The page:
Amnesty International’s Annual Report detailed continued attacks on the right to peaceful assembly in Turkey this past year:
The practice of arbitrary detentions at assemblies was given legal basis by legislative amendments in March in the Domestic Security Package, providing police with powers to detain without judicial supervision. Peaceful demonstrators continued to be prosecuted and convicted.
For the third year in a row, authorities denied permission for traditional May Day demonstrations in Istanbul. Tens of thousands of police were deployed to “[close] off the entire Taksim district and surrounding areas to demonstrators, traffic and tourists alike.”
— Andrew Gardner (@andrewegardner) February 25, 2016
Despite a peaceful – and indeed joyous – twelve-year history, Istanbul’s Pride March was also banned this year.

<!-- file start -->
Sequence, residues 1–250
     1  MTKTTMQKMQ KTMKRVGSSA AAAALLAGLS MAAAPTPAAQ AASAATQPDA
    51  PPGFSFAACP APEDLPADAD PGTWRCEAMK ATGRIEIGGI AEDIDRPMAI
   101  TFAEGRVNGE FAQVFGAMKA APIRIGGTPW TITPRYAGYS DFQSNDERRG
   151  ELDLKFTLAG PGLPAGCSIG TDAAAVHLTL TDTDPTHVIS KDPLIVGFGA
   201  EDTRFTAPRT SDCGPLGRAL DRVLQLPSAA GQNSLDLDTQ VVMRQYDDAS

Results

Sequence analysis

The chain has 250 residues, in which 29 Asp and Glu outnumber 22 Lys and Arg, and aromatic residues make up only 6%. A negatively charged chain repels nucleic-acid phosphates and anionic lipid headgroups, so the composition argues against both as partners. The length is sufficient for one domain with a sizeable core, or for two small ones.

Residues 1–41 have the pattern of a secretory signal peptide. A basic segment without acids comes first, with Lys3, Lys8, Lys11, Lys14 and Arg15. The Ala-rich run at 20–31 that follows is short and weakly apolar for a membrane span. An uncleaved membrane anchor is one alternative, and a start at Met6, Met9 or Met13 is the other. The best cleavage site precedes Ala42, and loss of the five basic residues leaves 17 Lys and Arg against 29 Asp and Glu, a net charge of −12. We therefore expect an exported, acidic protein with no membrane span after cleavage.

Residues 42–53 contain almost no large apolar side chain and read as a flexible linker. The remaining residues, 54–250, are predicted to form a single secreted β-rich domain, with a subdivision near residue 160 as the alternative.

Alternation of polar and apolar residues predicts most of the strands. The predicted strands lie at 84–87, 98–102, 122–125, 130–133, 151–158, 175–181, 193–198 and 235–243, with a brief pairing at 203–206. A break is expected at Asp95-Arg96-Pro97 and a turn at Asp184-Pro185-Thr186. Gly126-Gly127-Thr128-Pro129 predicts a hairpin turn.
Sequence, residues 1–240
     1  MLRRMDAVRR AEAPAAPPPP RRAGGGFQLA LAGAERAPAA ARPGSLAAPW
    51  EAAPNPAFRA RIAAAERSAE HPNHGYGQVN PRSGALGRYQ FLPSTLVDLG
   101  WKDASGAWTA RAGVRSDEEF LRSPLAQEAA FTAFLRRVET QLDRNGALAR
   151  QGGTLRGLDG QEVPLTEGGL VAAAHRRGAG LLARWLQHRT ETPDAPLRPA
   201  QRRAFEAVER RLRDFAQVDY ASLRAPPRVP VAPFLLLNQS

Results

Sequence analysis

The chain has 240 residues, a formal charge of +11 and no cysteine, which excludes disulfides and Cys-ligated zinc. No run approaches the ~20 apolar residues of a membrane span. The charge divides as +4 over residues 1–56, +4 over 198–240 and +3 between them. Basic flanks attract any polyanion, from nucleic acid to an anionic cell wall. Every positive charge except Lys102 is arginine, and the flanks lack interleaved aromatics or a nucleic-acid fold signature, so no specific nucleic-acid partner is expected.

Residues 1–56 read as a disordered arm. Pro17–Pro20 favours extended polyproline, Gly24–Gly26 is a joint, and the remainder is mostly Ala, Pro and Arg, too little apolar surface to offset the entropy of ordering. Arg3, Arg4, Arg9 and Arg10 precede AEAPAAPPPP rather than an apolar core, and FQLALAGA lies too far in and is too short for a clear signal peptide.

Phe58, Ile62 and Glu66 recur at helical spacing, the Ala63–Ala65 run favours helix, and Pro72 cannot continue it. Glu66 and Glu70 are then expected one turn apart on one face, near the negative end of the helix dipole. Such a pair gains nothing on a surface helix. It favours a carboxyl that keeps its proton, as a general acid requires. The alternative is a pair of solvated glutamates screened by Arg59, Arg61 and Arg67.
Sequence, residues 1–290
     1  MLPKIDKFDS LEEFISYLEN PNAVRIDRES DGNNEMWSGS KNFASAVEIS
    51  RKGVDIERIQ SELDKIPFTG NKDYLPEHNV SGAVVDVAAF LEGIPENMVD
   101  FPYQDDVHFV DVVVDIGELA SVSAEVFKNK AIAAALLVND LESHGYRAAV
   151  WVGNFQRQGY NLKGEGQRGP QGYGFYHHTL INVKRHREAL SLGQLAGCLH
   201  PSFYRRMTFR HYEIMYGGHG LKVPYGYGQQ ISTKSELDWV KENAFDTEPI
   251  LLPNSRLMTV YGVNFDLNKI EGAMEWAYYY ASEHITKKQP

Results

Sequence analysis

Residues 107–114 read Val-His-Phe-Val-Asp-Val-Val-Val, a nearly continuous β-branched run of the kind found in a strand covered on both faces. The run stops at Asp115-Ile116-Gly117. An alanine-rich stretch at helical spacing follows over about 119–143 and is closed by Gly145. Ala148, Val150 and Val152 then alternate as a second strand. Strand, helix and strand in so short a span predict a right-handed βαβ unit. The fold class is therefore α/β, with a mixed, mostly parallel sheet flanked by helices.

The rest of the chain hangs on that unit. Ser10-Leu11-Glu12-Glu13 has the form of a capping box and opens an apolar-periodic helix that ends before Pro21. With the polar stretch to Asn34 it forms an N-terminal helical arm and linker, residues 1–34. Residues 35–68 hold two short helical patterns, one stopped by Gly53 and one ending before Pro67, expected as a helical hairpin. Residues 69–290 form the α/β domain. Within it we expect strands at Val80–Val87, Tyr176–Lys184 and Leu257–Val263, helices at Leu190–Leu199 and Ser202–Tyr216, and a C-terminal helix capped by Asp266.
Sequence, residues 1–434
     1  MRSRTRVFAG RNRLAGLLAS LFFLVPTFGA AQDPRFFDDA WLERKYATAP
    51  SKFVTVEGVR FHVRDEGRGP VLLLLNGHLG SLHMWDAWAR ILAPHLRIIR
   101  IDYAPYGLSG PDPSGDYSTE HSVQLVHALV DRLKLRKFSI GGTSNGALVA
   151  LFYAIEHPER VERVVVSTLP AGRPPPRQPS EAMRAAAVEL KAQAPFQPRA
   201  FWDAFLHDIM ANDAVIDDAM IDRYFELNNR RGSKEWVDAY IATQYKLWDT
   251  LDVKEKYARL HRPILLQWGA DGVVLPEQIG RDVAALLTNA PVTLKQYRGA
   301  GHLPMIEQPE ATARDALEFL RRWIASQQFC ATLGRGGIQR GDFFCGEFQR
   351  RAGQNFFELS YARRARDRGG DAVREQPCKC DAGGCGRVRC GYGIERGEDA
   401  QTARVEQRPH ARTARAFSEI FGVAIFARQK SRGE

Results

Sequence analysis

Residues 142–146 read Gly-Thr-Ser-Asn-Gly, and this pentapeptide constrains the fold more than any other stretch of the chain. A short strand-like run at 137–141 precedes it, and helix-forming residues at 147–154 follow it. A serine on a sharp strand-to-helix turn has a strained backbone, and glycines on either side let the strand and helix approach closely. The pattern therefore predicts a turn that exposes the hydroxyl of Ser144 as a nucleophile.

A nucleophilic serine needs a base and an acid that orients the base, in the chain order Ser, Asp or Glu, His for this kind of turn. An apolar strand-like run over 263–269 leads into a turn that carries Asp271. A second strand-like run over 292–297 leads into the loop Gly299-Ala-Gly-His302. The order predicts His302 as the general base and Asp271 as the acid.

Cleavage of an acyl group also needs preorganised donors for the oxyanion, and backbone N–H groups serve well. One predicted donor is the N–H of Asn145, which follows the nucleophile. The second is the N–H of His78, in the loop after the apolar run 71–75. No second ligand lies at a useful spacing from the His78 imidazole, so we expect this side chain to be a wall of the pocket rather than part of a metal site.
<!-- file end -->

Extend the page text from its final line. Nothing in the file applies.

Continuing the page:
[Authorities] violently broke up the annual national Pride march in Istanbul in June, citing a lack of formal notification and information about counter-demonstrators. Discussions between representatives of the Pride and the authorities leading up to the event offered no indication that it would be banned. Police used excessive force including tear gas, water cannon and pepper-ball projectiles against marchers during the day and Pride partygoers in the evening. In November, the Governor of Istanbul denied permission for a criminal investigation into the conduct of the police at the Pride march to be opened.
Meanwhile, the government continues its vendetta against participant in the 2013 Gezi protests. Although most cases have ended in acquittal, hundreds have been convicted under a variety of charges, including two doctors, who were convicted for “‘denigrating a place of worship’ after giving emergency treatment to injured demonstrators in a mosque.”
Amnesty notes that further cases related to Gezi are on-going. Clearly, the assault on peaceful assembly is continuing apace.
St. Lawrence University